Singapore: Understanding the role of a Company Director
Technical update 2 minute read

Singapore: Understanding the role of a Company Director

04 January 2016

On 15 April 2015, the Singapore Accounting and Regulatory Authority (ACRA) announced legislative changes to Chapter 50 of the Companies Act, effective in two phases: phase one from 1 July 2015 and phase two in the first quarter of 2016 (Q12016).

Robin Yoo, Corporate Secretarial Services Director of the Singapore office, explains the changes. 

Company Directors and their duties

Under the Companies Act, every company in Singapore is required to have at least one director who resides in the country. If a company has only one member, the sole director can also act as the sole member. Multi-national companies which start their businesses in Singapore often use a local resident director through a third party in order to facilitate the incorporation process and to comply with regulation.

In Singapore, there is no distinction between the two. However, a local resident director who does not take on any executive or managerial function within the company may find they are non-compliant with the relevant statutes that are administered by Singapore’s authorities such as ACRA, Inland Revenue Authority of Singapore or the Central Provident Fund (CPF) Board.


Local directors who are found to be non-compliant can be summoned to Court. They are obliged to rectify the breaches (for example to file the proper estimated chargeable income, or annual filling with the relevant statutory board, or make the compulsory payment to employees within a time frame) as well as pay any imposed fines.

The responsibilities for third-party local resident director are the same as an executive director of a company, predominantly because the person lives in Singapore. Although foreign-based directors are not required to attend any court hearings in Singapore , when a Warrant of Arrest is issued, they may be detained at Singapore’s Changi Airport upon arrival.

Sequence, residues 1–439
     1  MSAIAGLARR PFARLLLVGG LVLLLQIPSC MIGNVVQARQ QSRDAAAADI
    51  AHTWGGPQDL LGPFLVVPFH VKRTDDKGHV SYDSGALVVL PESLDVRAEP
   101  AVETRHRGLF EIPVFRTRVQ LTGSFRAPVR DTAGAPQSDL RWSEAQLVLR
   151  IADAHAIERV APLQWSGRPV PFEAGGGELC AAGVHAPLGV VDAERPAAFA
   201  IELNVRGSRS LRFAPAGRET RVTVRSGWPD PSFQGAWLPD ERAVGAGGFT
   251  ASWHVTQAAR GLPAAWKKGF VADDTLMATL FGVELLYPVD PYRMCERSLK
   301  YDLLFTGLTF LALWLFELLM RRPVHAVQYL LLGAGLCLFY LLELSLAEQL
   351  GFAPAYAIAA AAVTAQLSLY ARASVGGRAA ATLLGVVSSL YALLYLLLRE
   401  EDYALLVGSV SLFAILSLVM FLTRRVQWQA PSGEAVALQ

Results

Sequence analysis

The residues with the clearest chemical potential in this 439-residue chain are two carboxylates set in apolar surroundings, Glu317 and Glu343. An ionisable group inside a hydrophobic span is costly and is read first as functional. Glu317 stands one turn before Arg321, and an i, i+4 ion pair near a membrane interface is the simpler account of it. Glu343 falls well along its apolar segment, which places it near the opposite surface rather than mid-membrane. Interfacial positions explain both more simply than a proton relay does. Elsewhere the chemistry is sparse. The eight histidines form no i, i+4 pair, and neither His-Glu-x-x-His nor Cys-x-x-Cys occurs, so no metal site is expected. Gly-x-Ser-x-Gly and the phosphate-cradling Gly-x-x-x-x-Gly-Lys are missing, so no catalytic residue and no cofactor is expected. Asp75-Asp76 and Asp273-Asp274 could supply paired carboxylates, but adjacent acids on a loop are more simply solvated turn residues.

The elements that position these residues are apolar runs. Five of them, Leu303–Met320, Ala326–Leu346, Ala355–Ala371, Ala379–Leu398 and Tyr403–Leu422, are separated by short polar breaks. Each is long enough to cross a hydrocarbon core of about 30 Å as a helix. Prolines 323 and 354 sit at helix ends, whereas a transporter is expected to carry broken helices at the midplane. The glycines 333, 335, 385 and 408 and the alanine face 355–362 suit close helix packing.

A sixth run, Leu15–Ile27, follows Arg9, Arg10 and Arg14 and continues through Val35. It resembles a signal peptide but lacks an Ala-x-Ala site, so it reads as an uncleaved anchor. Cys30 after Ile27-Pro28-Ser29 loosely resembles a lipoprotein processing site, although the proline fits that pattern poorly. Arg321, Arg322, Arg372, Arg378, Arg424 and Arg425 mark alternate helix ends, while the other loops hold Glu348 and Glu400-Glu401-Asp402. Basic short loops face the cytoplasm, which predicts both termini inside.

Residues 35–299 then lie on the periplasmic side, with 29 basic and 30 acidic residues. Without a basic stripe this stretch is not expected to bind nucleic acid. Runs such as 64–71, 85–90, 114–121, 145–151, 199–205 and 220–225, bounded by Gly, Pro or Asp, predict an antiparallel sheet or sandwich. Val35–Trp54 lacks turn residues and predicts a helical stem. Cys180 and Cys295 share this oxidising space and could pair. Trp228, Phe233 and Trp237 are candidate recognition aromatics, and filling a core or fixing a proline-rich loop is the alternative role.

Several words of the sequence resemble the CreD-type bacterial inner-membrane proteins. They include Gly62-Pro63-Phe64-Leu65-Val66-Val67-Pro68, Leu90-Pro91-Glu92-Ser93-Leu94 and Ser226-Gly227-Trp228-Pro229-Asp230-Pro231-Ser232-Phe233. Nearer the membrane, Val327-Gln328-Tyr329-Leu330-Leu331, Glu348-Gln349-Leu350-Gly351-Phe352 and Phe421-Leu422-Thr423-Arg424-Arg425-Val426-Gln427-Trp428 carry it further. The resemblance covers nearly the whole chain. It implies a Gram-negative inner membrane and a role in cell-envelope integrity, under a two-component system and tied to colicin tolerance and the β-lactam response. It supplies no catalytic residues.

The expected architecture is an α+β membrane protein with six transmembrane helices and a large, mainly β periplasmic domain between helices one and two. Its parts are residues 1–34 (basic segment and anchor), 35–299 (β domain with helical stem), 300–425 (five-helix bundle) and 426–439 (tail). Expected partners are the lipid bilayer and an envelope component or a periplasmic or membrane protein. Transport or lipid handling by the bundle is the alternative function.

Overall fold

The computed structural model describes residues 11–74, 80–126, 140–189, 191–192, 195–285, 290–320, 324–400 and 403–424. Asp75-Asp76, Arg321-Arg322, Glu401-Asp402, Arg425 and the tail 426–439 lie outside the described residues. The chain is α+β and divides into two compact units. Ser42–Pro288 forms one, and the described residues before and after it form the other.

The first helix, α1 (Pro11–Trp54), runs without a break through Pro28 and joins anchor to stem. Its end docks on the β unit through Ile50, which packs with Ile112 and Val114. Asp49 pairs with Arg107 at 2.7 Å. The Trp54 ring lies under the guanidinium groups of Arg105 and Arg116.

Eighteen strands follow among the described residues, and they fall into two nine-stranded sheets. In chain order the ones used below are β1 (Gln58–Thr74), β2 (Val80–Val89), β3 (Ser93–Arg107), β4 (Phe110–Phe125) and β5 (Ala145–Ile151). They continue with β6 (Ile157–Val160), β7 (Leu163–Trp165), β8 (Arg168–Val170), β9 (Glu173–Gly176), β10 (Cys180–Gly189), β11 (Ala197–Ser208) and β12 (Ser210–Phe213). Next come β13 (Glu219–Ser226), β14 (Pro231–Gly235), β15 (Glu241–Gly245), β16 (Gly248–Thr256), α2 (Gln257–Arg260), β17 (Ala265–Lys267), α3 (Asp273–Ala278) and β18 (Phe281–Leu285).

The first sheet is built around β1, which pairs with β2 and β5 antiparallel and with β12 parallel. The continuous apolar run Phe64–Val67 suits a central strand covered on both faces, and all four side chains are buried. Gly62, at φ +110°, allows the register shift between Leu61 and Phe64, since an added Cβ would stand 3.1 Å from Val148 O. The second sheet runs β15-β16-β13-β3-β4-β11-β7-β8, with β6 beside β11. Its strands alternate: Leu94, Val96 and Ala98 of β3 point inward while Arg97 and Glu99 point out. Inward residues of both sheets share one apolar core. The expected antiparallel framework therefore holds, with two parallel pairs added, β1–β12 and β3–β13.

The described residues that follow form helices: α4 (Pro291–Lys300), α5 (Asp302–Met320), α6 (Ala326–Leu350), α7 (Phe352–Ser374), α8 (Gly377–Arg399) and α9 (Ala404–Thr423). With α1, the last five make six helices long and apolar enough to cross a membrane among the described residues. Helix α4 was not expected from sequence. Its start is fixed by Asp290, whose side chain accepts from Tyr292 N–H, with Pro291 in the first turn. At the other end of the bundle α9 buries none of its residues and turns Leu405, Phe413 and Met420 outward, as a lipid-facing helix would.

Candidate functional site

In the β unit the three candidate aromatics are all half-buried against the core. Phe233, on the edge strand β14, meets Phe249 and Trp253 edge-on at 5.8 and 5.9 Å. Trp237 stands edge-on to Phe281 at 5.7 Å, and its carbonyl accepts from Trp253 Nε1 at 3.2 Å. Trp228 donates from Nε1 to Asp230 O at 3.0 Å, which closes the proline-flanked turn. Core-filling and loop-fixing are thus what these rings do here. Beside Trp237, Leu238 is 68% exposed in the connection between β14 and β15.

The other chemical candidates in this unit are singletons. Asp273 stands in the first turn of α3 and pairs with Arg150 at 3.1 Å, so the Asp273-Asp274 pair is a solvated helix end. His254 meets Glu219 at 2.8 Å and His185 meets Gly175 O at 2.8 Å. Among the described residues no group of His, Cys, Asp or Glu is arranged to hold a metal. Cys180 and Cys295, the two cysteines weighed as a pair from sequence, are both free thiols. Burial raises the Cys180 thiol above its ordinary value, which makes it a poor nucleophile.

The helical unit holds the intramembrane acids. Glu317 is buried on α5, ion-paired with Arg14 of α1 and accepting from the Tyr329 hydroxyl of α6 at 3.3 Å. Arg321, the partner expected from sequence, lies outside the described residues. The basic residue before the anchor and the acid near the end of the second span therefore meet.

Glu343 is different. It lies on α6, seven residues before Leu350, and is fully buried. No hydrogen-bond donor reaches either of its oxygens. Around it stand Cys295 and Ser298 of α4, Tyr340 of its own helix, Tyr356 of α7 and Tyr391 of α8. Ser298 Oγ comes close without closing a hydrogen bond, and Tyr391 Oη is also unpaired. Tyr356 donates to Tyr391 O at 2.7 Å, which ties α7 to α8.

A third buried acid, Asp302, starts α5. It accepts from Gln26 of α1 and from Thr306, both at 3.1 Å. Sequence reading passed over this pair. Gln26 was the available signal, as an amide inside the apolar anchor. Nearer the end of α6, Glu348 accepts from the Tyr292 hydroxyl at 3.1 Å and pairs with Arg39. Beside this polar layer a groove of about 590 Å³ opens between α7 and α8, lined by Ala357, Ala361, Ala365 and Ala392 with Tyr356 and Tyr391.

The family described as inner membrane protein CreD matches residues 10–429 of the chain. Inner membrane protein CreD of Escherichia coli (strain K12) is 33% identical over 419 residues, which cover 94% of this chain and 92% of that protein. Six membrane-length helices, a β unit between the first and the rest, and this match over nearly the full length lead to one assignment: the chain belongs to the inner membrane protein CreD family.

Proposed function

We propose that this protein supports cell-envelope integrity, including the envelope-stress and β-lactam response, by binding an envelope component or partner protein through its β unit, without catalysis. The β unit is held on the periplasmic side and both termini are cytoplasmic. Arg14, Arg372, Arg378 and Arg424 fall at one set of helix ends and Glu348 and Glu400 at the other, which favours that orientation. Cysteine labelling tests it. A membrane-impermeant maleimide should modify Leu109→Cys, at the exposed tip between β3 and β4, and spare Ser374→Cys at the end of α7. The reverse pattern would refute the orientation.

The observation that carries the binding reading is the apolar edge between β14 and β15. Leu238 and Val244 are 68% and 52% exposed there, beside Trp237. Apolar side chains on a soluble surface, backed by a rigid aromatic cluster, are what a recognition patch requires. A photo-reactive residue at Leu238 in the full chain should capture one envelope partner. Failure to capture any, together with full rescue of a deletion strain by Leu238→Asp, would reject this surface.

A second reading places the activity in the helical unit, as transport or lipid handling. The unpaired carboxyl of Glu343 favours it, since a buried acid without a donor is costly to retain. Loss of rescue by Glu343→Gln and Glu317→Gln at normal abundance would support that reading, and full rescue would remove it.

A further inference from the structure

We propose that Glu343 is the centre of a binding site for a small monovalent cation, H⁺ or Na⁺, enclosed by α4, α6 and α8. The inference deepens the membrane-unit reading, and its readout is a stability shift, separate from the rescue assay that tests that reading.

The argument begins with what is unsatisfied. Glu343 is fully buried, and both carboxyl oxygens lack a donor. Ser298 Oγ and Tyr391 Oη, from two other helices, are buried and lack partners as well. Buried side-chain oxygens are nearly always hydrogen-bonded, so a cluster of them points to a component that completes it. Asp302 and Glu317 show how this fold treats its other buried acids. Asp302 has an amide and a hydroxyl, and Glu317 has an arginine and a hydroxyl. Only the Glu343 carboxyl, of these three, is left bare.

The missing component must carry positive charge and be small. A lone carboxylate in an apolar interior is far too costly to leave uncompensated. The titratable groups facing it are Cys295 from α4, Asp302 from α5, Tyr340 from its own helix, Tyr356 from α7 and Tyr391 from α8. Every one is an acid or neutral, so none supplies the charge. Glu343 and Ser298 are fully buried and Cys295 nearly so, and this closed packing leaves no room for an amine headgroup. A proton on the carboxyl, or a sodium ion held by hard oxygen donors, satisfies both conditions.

Alternate address

Another change in the proposed amendment is to protect individual privacy. The Directors, CEOs and secretaries will be able to file an alternative address with ACRA, in place of their residential address. Individuals who give a fraudulent address will be subject to criminal sanctions, and unable to provide another alternate address for three years.

The new Section 155B of the Companies Act has empowered ACRA to debar any company’s director who has failed to lodge relevant documents within three months of the prescribed deadlines. The debarred person cannot take on any new appointment as a director or company secretary. They may continue with existing appointments and only when the defaults are rectified, or on other prescribed grounds, will ACRA lift the debarment.

The imposition of a debarment regime is to prevent irresponsible directors from churning out companies by incorporating and thereafter, closing it. The debarment also aims to promote greater compliance awareness and instil the importance of timeliness.

TMF Group secretarial services in Singapore assists with stringent due diligence. Our local experts follow up closely on filling requirements, especially on annual returns with ACRA (previously known as Registry of Companies).

Get in touch with the Singapore team to learn more. 

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Written by

Robin Yoo

Former Director, Corporate Secretarial

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